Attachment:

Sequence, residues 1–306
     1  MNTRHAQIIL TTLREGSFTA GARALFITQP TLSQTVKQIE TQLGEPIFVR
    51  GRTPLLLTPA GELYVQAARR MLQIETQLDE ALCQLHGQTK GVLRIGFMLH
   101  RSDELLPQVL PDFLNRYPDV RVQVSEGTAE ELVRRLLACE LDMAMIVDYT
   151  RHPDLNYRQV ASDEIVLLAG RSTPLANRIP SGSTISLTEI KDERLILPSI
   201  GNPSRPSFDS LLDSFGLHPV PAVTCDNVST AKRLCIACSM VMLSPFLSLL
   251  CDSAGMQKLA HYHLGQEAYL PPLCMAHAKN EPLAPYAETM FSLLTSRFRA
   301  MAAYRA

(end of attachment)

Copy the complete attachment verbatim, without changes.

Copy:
Sequence, residues 1–306
     1  MNTRHAQIIL TTLREGSFTA GARALFITQP TLSQTVKQIE TQLGEPIFVR
    51  GRTPLLLTPA GELYVQAARR MLQIETQLDE ALCQLHGQTK GVLRIGFMLH
   101  RSDELLPQVL PDFLNRYPDV RVQVSEGTAE ELVRRLLACE LDMAMIVDYT
   151  RHPDLNYRQV ASDEIVLLAG RSTPLANRIP SGSTISLTEI KDERLILPSI
   201  GNPSRPSFDS LLDSFGLHPV PAVTCDNVST AKRLCIACSM VMLSPFLSLL
   251  CDSAGMQKLA HYHLGQEAYL PPLCMAHAKN EPLAPYAETM FSLLTSRFRA
   301  MAAYRA